Why Sabula?(featured in Bellevue Herald Leader, July 31, 2013)
By Erica Shoemaker
Lowell Carlson asked me a few weeks ago why I chose to live in Sabula. This got me thinking and wondering how other people who have lived, or currently do live in Sabula. Why do people choose to live on Iowa’s island city, hosting a population of about 600 residents?
Not being much of a reporter, I posted my question on Facebook and got quite a few responses from people who grew up in Sabula but no longer live here, people who visit Sabula, and people who currently reside on the island.
First things first though…why do I live in Sabula? I grew up a small town girl, and have wonderful memories from those years, but after getting married, we moved closer to the Quad-Cities for a while, and then traversed to San Antonio, Texas, up to southern Indiana, then back to San Antonio, and then 5 years ago, we came full circle back to Sabula, Iowa. The main reason is that both mine and my husband’s families are here, a job opportunity was presented to my husband, and we thought it would be nice to have the kids get the chance to live near their grandparents while they finished up middle and high school. It’s been a nice place for them to live a semi-sheltered existence, get to learn to drive on rural highways instead of freeways, spend time with grandparents and other area family, and finish out their childhood years in the good ol’ Midwest. Other than those reasons, and having my grandma and my parents living a half a block from me north and south, I love the view from my back porch of Sabula’s middle lake and bluffs.
So what does the island city mean to other people? My grandma Shirley Vicks moved here when she was in high school, met my grandpa Jim Vicks, and raised their family here. Gram Shirley says, “I just love Sabula. It’s a quiet little town, love the beauty of the river and the lakes of course, but I loved staying here all these years being close to my family. I can’t say I know everyone in town anymore, but I have neighbors and family that look out for me. I don’t drive and not able to get around too well, but when the weather’s nice, I like to get out and cruise the town in my power chair. I wouldn’t be able to do that as easily and as safely in a big city.”
Many former and current residents of Sabula shared fond remembrances of growing up in Sabula—do you relate to any or all of them?
Barbara Wakefield, who grew up in the old Methodist parsonage, remembers from her childhood in Sabula, the Brooks Tent Shows that were held in the schoolyard, how you went K – 12 grade with the same classmates, how the streets never went by their proper names, but instead Back Street, Church Street, School Street, Main Street, and River Street. She also remembers her mom talking about how the Indians would set up tents and ice fish on the river during the winter back in the 20’s.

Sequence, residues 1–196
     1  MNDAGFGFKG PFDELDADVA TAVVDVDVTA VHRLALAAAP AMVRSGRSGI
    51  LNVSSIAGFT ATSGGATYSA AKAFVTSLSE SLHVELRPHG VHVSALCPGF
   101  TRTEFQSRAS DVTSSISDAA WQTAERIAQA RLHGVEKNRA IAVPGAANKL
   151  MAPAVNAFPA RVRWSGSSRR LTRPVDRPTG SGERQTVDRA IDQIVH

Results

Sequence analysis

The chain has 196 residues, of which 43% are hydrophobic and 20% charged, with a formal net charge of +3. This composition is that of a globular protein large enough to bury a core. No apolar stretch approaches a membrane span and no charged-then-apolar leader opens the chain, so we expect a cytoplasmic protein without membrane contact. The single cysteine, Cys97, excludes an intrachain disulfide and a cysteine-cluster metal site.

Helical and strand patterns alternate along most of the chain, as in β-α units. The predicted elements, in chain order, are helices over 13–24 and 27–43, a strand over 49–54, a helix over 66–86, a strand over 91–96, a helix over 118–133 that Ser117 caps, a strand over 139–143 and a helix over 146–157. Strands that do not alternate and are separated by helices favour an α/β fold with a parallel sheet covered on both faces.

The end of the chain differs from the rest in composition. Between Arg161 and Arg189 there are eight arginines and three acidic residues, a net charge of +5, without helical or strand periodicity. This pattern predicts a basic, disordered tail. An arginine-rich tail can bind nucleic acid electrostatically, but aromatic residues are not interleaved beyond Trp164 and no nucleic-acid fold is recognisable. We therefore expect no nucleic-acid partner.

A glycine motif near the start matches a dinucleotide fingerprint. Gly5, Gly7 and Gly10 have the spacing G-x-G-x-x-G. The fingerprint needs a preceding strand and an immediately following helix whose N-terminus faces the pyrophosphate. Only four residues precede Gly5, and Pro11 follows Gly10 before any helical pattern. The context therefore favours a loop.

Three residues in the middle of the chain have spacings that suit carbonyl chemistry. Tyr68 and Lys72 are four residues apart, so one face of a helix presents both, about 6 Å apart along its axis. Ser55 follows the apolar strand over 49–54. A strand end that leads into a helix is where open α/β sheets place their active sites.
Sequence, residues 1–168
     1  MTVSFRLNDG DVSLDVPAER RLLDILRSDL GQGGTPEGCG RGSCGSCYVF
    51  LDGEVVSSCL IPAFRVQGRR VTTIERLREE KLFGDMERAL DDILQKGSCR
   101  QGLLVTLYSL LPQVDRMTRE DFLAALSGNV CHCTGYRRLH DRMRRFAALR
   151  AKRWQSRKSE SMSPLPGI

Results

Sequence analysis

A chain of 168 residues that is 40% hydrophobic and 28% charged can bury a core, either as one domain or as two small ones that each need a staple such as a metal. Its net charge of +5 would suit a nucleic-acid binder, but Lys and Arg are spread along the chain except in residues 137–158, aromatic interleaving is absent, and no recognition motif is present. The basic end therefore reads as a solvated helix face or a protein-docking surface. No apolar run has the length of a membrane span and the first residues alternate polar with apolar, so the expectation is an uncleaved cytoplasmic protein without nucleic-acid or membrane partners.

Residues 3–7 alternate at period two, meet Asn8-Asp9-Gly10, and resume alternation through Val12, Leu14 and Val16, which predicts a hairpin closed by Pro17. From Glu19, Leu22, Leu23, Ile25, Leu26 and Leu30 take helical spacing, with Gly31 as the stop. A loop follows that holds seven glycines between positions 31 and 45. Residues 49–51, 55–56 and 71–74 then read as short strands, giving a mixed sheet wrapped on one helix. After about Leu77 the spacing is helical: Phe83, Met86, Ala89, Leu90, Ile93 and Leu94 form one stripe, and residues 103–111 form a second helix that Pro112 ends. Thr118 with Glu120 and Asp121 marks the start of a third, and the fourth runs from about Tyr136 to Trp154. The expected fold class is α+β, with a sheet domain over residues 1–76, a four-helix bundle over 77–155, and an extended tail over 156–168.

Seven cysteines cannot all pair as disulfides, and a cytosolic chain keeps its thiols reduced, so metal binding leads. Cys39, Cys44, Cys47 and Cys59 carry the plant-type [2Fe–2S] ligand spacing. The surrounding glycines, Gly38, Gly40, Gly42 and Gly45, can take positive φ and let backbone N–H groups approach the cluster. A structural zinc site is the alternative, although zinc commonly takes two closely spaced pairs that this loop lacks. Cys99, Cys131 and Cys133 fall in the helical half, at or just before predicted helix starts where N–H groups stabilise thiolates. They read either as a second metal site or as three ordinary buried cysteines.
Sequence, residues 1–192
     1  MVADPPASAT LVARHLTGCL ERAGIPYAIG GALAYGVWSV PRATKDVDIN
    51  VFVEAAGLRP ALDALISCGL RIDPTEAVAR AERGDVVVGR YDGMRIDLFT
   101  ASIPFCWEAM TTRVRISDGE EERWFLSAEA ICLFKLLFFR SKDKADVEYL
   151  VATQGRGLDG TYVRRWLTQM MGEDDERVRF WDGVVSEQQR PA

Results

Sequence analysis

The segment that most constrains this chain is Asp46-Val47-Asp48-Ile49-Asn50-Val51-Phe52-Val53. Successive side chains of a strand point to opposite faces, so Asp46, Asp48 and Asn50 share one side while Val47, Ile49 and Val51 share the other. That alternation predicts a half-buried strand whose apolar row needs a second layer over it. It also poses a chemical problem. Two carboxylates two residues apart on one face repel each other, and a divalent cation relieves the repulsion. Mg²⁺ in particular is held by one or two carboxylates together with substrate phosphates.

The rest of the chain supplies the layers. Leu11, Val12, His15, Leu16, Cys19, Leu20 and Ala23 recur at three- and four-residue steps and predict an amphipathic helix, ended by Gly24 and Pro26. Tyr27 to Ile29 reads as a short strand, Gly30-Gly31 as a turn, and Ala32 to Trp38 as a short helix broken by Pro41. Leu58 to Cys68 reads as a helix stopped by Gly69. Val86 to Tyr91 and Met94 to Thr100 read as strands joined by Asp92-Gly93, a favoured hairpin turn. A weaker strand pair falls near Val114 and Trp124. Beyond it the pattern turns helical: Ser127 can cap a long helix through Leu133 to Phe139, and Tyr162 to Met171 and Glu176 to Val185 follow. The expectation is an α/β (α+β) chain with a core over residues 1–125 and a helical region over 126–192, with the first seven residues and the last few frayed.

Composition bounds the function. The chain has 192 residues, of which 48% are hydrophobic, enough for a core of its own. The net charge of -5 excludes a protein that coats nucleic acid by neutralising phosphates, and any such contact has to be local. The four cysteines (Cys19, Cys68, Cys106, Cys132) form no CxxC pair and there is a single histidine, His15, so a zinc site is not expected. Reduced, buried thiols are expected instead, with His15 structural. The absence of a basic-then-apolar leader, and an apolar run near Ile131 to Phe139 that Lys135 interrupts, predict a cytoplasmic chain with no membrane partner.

Lisa Vicks Mathiesen of Swisher, Iowa said, “My hometown for the first half of my life was Sabula. My family goes back many generations on Iowa’s one & only Island City. For me personally, it was a great place to grown up in the 60’s & 70’s and holds many good memories for me. Back then, I knew who lived in every single home. There were no “out of towners”. We could always round up a group of kids to play dodge ball, hide & seek, kick the can, red light/green light or tag. And many hours were spent riding our bikes with cards attached to our spokes by a clothes pin, swimming in the middle lake or playing on the equipment in the parks or school yard – most of which has since been banned by the “safety police”. I’ve always loved to read and spending time at Sabula’s public library where my Gramma Winnie Vicks was librarian for a couple of decades. When I would earn money for doing chores for Mom or Gramma, I would head for Papke’s Drug Store, where I would spend a quarter on penny candies that would fill up a paper lunch sack. But as long as I still have family members on the Island, it will always be my home away from home.”
Former residents, brother and sister Tye Ireland and Terri Ireland Jahn also shared fond memories. Terri remembers that she used to love to go to the “Y” in the railroad tracks swimming and how she enjoyed the bluffs’ beautiful fall colors, the small town friendliness of people taking care of each other, and the lifetime friends I met: “I have many warm memories of life in the island city.” Brother Tye Ireland agreed that he also loved swimming at the “Y” and climbing the bluffs to get a drink of spring water.
Former alumni of Sabula High School reminisced about memories of growing up on the island in a lively banter on Facebook.
Vicki Henfrey: “Ice skating at night on the lake behind the Catholic church, bon fires to keep warm and Riding my bike every where, be in by the time the street lights came on.”
Rosann Darby Raymond: “Playing kick the can on bicycles. Walking to Savanna every Sunday to go the movies. Exploring the caves on the bluff. The spring had the best water ever, had several picnics there. Six O’clock whistle…supper time!!! Vicki, I remember your mom’s cinnamon rolls at school lunch….yummy. The fire truck would go out on the ice to test it before they made the skating rink. I also remember the “boys” doing donuts out on the south lake with their vehicle. I believe one or two might have got in trouble doing that.”
Julie Ackerman Draise: “The Lutheran church bells ringing at noon and 6:00 or is it 5:00?? Agree with Julie C. Sleeping on my grandparents screened porch in the summer. Closing the church hill in the winter and riding our sleds…for hours. Ice skating on the back lake and going across the street and warming up in Gene Dickinson’s parents garage. They had an old stove in the garage. Riding the country roads drinking beer! Well, maybe you shouldn’t post that one… ”
Joe Hartman: “No matter what part of town you lived in fishing was only a couple of blocks away…jumping off the RR Bridge and parking between the Cemetery and Sand Pit.”